‘Contagion’ (2011) review: A new definition for ‘going viral’

‘Contagion’ an infectious thriller

“Contagion,” in which a deadly virus spreads faster than the latest YouTube sensation, blends the modern strands of a disaster movie in such a brutally effective way you may never leave your home without hand sanitizer again.

Directed by Steven Soderbergh (“Ocean’s Eleven”), “Contagion” is about more than a viral menace. In essence, it’s about fear: how it can debilitate even the most rational person, how it can devolve some of the most sophisticated cities in the world into utter chaos. Scientists (portrayed as Big Government in a strange, tea party manner) provide the cool center to this pandemic, while the average layman succumbs to his baser instincts, fighting for himself over the common good. It wouldn’t be so terrifying if it weren’t so believeable, especially after natural disasters such as Hurricane Katrina where we saw society revert back to a more primal stage.

“Contagion” starts on Day 2, and we’re already introduced to a sickly looking woman (Gwyneth Paltrow) after returning home from Hong Kong. Within minutes, she’s writhing on the floor, foaming at the mouth and eyes glassing over. Her husband, Mitch (a crucial if hardly seen Matt Damon), quickly learns her death wasn’t caused by something she ate. Instead, the cause is unknown. But it doesn’t stay unknown for long. It seems nothing moves slowly in this movie, especially the virus, which razes everything in its wake. Anyone who shoke hands, turned a door knob or came into contact through any myriad ways with an infected person risks a quick and painful death.

Working with writer Scott Z. Burns, editor Stephen Mirrione and composer Cliff Martinez, Soderbergh paints the story with a near-palpable energy, shifting from screens shrouded in black to dousing acters in a nauseum-inducing yellowish light that works wonders in a movie about death. The scenes again jump to other people — a young man in Hong Kong, a Japanese man on a plane and a model in London — who play small but important roles in unraveling the origin of this deadly mystery.

The scariest part of “Contagion” is not that a virus killed 26 million people. Instead, it’s in the simplicity in how it does it. There are no flesh-eating zombies or terrorist cells waging war. It just like the flu, only deadlier. Those trying to stem the tide of ever-increasing deaths are Ellis Cheever (Laurence Fishburne), a deputy director at the Centers for Disease Control and Prevention; field doctor Erin Mears (Kate Winslet); C.D.C. doctors Ally Hextall (Jennifer Ehle) and David Eisenberg (Demetri Martin); and World Health Organization doctor Leonora Orantes (Marion Cotillard).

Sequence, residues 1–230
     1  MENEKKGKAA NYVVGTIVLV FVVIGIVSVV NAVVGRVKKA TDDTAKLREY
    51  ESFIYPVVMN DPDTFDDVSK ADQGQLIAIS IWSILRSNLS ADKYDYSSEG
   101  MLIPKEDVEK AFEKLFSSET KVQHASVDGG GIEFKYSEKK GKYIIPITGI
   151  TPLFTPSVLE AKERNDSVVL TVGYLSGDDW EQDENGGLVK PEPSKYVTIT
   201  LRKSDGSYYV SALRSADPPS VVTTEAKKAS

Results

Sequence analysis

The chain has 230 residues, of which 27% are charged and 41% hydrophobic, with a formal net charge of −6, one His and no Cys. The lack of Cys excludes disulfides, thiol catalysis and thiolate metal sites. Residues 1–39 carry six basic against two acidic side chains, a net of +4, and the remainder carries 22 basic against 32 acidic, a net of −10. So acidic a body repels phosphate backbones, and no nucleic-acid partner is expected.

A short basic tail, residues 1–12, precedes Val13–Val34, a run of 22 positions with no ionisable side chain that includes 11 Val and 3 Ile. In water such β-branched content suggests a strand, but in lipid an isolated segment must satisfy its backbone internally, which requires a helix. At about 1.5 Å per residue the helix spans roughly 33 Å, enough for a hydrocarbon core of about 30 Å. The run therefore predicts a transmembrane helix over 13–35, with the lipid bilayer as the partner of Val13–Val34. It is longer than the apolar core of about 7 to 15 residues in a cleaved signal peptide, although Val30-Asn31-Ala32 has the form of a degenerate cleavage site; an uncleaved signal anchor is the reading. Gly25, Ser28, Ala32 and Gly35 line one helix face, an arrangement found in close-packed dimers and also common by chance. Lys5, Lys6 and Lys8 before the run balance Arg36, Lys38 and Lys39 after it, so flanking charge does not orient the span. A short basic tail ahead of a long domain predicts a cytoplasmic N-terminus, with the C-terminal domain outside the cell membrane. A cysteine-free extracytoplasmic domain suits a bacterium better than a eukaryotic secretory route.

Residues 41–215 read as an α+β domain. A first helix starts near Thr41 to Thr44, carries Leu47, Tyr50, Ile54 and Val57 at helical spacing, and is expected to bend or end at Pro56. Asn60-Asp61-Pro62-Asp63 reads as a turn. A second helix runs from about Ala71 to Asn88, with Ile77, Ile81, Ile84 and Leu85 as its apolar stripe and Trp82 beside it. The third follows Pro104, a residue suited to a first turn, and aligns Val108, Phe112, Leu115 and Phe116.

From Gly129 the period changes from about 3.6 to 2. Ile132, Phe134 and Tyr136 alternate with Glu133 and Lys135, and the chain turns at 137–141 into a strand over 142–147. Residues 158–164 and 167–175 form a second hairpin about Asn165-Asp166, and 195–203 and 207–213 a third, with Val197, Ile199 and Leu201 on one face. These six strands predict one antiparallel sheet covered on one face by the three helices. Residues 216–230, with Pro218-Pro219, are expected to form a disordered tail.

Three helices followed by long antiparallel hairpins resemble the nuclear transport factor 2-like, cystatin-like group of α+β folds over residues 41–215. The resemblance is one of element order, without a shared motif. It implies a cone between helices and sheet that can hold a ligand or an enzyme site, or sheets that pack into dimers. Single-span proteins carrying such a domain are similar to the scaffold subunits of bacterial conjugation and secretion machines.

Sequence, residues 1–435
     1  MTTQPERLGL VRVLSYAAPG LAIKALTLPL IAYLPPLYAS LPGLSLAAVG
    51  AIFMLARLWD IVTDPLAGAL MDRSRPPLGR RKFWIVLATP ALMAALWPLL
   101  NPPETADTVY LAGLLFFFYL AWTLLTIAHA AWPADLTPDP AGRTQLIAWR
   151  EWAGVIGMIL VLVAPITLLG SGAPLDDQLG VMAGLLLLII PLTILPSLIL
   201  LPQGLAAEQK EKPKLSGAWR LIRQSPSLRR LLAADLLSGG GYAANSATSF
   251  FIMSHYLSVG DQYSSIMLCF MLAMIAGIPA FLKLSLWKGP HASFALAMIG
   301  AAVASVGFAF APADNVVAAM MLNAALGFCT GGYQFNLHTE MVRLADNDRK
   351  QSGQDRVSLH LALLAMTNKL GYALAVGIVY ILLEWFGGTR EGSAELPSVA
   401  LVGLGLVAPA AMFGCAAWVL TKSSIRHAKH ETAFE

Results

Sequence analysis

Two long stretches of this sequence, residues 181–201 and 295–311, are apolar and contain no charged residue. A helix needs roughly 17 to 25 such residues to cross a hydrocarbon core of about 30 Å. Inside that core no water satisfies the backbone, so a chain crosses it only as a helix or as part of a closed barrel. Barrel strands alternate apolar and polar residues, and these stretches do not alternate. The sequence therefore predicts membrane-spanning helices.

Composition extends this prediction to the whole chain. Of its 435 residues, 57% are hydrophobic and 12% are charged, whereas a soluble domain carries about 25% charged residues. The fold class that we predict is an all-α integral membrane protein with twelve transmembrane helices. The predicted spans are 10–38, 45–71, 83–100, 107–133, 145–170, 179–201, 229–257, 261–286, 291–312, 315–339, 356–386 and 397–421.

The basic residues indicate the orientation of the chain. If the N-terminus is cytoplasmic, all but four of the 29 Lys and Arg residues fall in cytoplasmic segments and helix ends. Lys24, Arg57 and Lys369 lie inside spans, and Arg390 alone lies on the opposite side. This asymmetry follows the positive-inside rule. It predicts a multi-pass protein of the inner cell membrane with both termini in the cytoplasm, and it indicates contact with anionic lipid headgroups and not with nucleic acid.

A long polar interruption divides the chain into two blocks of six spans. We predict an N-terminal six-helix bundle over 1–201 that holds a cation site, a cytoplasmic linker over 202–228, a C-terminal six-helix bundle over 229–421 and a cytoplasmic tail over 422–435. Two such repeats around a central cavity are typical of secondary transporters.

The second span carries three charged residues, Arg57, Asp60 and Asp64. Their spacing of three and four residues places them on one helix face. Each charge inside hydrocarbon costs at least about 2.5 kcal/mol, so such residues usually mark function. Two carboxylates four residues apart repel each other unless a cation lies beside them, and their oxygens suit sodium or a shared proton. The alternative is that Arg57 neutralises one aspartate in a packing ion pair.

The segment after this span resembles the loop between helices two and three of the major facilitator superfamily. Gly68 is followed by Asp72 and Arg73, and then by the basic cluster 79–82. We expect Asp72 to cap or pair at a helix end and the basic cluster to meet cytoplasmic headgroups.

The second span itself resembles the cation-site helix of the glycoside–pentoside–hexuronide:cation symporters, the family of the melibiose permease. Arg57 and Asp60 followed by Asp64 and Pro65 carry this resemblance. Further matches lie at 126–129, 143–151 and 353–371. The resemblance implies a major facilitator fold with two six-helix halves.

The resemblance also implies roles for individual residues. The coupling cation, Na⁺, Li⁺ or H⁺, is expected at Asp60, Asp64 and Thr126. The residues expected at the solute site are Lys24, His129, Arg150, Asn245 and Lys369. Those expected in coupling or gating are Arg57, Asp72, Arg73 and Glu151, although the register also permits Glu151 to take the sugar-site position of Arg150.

In what could be considered a stinging rebuke to the free-form nature of blogging and its effect on the Fourth Estate, one of the main antagonist is San Francisco blogger Alan Krumwiede (a snaggled-tooth Jude Law), an opportunist who both follows the pandemic from its beginning and pushes a holistic cure, forsythia (a yellow flowering plant used in traditional Chinese medicine), on his popular blog. It’s a dangerous game he plays, using his forum of choice as a bully pulpit to rage against what he considers an unscrupulous government only seeking to pad its coffers (even though the government is actually the good guy here).

Fear is a powerful emotion, and more often than not it causes more hardship than any actual danger. “Contagion” epitomizes this. It simultaneously shows us the best and worst sides of ourselves, pitting those lending a helpful hand against those who’d rob from you without a second though. The scary part is not knowing which side will win out.

Four infectious stars out of five, and a critic’s choice.

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Matt Damon is shown in a scene from "Contagion." (Photo credit: Warner Bros. Pictures)

Matt Damon is shown in a scene from “Contagion.” (Photo credit: Warner Bros. Pictures)

15 responses to “‘Contagion’ (2011) review: A new definition for ‘going viral’

  1. Wonderful review. I’ve always been somewhat underwhelmed by Soderbergh. His version of Solaris was crud, Oceans 11, 12, 13 are nothing new — even his “avant-garde work” Schizopolis (1996) is nothing to praise… Same thing with the Che series. Albeit, I haven’t seen Traffic….

    In short, I hope this is “actually” a good film. Not some middling attempt at greatness.

  2. It’s very slow… I warn you — have you seen any of Tarkovsky’s other films? He’s probably tied with Eisenstein as the most important Russian director of ALL time. You should definitely see at least ONE of his films…. Probably Andrei Rublov, Solaris, or Stalker.

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